Over 90% of norovirus' total annual cost is due to sporadic spread in the community.
SOUTH SAN FRANCISCO, Calif., July 16, 2020 (GLOBE NEWSWIRE) -- Vaxart, Inc., (NASDAQ: VXRT), a clinical-stage biotechnology company developing oral recombinant vaccines that are administered by tablet rather than by injection, and has a Phase 2 ready norovirus vaccine program, today announced that a new study was published in the Journal of Infectious Diseases today, which concluded that norovirus gastroenteritis costs the United States an estimated median of $10.6 billion each year. In particular, norovirus outbreaks that are widely publicized are only the tip of the iceberg and constitute less than 10% of all the costs. The vast majority of the costs come from sporadic cases in the community.
These results came from a computational model that simulated the course of a norovirus infection and quantified its clinical and economic burden in the United States. Each person with a norovirus infection had probabilities of seeking medical care (e.g., outpatient or ambulatory care visits), hospitalization, and death. Costs included care required (e.g., hospitalization) and missed days of school and work.
“Although norovirus tends to get highlighted by the news media during outbreaks, it’s the cases of norovirus in the community that are contributing to the bulk of the costs,” commented Bruce Y. Lee, MD, MBA, senior author of the study, Professor of Health Policy and Management at the City University of New York (CUNY), and executive director of the Public Health Informatics, Computational, and Operations Research (PHICOR). “As our study shows, the costs of these individual cases can add up substantially. This gives a sense of how much an effective vaccine could save employers and the economy.”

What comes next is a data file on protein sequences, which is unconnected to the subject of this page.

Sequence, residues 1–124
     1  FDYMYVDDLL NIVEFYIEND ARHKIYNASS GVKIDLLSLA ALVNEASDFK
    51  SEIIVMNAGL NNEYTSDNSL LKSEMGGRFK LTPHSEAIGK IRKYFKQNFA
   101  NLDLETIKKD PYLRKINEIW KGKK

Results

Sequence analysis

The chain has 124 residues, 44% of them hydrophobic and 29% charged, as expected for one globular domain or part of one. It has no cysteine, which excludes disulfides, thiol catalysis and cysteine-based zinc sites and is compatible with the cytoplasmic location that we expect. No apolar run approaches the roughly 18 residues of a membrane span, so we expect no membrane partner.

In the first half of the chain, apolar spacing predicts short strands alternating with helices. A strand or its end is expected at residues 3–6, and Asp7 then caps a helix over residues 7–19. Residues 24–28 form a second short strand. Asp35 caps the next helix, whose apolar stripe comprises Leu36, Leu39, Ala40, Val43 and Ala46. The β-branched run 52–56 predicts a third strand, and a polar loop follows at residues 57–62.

A previous study estimated that norovirus cost society $60.3 billion worldwide each year and subdivided this estimate by the respective World Health Organization region, with the Americas having the highest cost at $23.5 billion.
Even though norovirus infections occur year-round, the results from the new study show that over 50% of the total costs are incurred during winter. This suggests that any policies or interventions to prevent norovirus should be implemented before or escalated during the winter months.
In addition, productivity losses accounted for 89% of total costs, offering a sense of how much norovirus may be costing employers. Dr. Lee added, “Since our study demonstrated that the majority of norovirus-related costs may be productivity losses, claims data and other measures of medical costs may substantially underestimate the total cost of norovirus.”